Nelson’s latest release, Teatro (Island Records, 1998), could well be his greatest masterpiece. Produced by sonic genius Daniel Lanois — whose recent successes include Emmylou Harrris’ Wrecking Ball and Bob Dylan’s Time Out of Mind — the disc was recorded in a cavernous old Mexican-movie theater in Oxnard, Calif., in a record four days (the meticulous Lanois generally spends months on a release). Teatro — a shocking and brilliant departure for Nelson — is a stark, atmospheric ride through a sometimes-spooky, south-of-the-border-tinged musical landscape, marked by heavy, oddly hypnotic percussion and Nelson’s plaintive, soulful vocals, blended — on 11 of the disc’s 14 tracks — with the smoky, pitch-perfect harmonies of Emmylou Harris. Musicians as disparate as Cyril Neville; Latin-tinged rock percussionists Tony Mangurian and Victor Indrizzio; Lanois himself on bass and Les Paul guitar; Nelson’s sister, Bobbie, on Wurlitzer keyboards; and longtime Nelson cohort Mickey Raphael on bass harmonica populate the disc. Old Nelson songs from the ’60s, like “I Never Cared for You” and “My Own Peculiar Way” are interspersed with new Nelson-penned tunes and covers like Gypsy jazz-guitarist Django Reinhart’s “Ou Es-Tu, Mon Amour.” With Teatro, Nelson once again showcases his ability to transcend musical barriers with seemingly effortless ease.
At an age when many musicians are recording career retrospectives and trading their tour buses for quiet county manors, Nelson still tours approximately 250 days each year and still exclusively plays his ancient, battle-scarred Martin guitar — replete with holes and signed by a who’s who of music greats.
The following are excerpts from a phone interview with Nelson from — where else? — on the road, somewhere in Minnesota:
MX: In many ways, Teatro seems like a real departure for you, because it was so spare and moody and haunting. … Did you see the work as a natural progression, or did you intentionally set out to do something really different than anything you’ve done before?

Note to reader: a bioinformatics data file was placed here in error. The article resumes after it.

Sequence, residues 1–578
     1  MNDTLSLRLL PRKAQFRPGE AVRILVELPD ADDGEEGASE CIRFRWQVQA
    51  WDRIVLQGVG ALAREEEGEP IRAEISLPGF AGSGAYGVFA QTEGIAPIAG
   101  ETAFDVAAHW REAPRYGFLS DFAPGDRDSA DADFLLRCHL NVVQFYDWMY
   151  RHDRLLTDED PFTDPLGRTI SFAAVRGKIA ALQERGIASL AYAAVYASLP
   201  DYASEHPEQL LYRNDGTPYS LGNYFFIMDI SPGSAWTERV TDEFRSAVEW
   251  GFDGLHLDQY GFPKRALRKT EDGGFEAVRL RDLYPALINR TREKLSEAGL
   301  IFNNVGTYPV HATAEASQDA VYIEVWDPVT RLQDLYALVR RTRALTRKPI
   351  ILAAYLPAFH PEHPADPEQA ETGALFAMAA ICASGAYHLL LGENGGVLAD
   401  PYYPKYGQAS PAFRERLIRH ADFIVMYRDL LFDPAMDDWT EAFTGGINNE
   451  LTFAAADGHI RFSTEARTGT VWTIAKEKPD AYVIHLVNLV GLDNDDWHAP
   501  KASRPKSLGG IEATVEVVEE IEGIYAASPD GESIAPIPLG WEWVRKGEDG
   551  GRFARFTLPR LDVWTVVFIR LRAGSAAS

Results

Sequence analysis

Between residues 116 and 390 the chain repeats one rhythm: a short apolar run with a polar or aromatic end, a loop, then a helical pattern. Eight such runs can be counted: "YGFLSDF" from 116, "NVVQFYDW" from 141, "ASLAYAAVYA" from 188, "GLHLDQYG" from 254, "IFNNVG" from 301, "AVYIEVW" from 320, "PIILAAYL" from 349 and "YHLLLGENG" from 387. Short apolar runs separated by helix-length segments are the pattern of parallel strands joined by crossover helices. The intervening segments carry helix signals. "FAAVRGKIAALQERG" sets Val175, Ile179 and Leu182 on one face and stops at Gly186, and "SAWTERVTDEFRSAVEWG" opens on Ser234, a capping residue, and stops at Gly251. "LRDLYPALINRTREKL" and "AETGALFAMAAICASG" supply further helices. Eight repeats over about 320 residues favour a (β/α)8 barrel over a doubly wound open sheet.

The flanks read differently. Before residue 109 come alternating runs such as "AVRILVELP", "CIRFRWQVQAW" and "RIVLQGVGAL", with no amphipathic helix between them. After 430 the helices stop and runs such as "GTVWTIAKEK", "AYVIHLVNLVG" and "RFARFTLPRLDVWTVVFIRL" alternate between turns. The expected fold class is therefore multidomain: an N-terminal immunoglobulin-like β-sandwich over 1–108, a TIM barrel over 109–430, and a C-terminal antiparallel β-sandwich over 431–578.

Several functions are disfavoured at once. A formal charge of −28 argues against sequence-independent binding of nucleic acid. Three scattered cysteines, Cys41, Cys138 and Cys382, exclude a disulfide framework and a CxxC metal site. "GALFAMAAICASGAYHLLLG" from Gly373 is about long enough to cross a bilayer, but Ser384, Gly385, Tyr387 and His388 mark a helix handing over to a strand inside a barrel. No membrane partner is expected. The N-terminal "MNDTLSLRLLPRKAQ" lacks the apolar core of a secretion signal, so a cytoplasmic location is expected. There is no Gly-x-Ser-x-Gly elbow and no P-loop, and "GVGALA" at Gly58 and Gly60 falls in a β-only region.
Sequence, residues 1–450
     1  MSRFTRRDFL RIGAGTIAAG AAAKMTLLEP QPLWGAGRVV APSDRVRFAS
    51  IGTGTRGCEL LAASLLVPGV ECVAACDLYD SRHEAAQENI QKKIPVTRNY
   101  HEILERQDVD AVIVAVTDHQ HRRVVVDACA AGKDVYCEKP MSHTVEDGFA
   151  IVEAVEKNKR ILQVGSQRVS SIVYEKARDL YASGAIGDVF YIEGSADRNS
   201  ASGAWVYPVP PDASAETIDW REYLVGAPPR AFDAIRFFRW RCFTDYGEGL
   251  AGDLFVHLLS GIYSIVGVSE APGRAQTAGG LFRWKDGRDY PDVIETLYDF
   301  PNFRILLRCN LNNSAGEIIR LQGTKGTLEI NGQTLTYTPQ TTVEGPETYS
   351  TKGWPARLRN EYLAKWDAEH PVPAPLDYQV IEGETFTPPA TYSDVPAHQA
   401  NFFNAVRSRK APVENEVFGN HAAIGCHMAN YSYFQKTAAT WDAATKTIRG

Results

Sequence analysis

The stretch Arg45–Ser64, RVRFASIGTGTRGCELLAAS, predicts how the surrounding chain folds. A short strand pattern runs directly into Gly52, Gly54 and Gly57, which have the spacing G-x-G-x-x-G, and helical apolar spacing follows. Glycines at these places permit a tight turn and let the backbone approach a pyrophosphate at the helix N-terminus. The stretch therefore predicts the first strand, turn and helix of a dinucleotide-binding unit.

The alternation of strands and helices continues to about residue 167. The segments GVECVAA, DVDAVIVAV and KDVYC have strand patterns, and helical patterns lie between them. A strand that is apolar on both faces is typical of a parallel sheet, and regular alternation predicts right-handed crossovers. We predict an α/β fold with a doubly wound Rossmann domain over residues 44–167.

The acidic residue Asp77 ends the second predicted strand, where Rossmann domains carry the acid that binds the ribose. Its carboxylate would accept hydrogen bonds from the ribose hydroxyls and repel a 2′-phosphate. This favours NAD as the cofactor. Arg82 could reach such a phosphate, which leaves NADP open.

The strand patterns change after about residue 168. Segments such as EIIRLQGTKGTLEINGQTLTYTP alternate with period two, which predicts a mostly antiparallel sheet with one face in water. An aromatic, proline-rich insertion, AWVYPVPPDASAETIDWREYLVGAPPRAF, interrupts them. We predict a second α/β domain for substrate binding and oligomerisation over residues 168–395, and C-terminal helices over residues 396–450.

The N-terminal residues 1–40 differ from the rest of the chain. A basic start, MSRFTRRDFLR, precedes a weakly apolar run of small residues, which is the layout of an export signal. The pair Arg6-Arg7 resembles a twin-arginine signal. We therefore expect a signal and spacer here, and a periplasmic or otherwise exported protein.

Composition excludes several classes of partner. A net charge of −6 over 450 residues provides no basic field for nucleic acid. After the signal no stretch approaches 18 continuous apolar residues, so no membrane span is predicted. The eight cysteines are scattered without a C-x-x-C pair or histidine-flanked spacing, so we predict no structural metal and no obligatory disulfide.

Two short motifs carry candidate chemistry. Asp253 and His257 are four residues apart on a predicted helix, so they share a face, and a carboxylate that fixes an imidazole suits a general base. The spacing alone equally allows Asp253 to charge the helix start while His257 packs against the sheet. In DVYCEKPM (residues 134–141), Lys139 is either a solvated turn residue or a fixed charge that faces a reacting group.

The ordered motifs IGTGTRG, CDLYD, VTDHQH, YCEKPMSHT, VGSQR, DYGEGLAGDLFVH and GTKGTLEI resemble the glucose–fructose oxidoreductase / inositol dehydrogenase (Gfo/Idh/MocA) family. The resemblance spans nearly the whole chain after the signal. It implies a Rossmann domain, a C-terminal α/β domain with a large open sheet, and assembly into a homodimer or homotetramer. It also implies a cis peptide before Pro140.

WN: Well, I really had no idea what it was going to sound like, because I’d never worked with Daniel Lanois before. But I knew that he’d done some great work with Emmylou … and with U2 and Dylan, so I decided to go with it and see what came out.
MX: What do you like most about the end result?
WN: I think the total overall sound … it’s like you say, it’s such a departure from what I usually do, that gives the album its own personality, and the songs inside there are done with unusual kinds of arrangements, so it sort of puts a different light on those songs. Even the old ones you may have heard before become completely different songs. I think [Lanois] really put a new face on it all.
MX: A lot of the so-called “alternative” country bands name you as their biggest influence. What do you think of that?
WN: Well, first of all, I think it’s always a compliment to be liked by the young guys. There’s a lot of good young musicians out there who can play anything from rock ‘n’ roll to country to classical. And they get together in garage bands around the country, and they come out with some of the best sounds in the world. It’s strange, sometimes, to the ear, if you haven’t heard what the young minds are thinking, but it’s all very healthy.
MX: That outlaw image that people like you and Waylon started cultivating in the early ’70s seems like a really risky venture — in Nashville, anyway, at that time. Do you feel like that image still sort of defines who you are musically and personally?
WN: Actually, at the time I didn’t think it was really that risky, because we weren’t getting anything done or getting any attention anyway, so we really had nothing to lose. Nashville wasn’t opening doors in front of us and there were no red carpets. So we were just doing what came naturally and doing what we knew how to do — with or without [the Nashville establishment], really. We tried it their way for a little while and couldn’t do it: It wasn’t us.
MX: I know that Redheaded Stranger became the first million-selling country album and sparked this whole sort of revolution — and renaissance, really — both for you and for country music. What was it about that album that really struck a chord with people or that they really connected with?
WN: I don’t really know. I think that, at the time, there were a whole lot of young people listening to music, period. And we managed to infiltrate the young people a little bit in the places that we played in various parts of the country, like the Armadillo World Headquarters in Texas [a legendary rock club], and so forth. … And what we were doing was a little bit on the edge — and, again, not necessarily what the folks in Nashville were looking for. But the kids recognized it as being free, independent music, and that’s what they’ve always liked.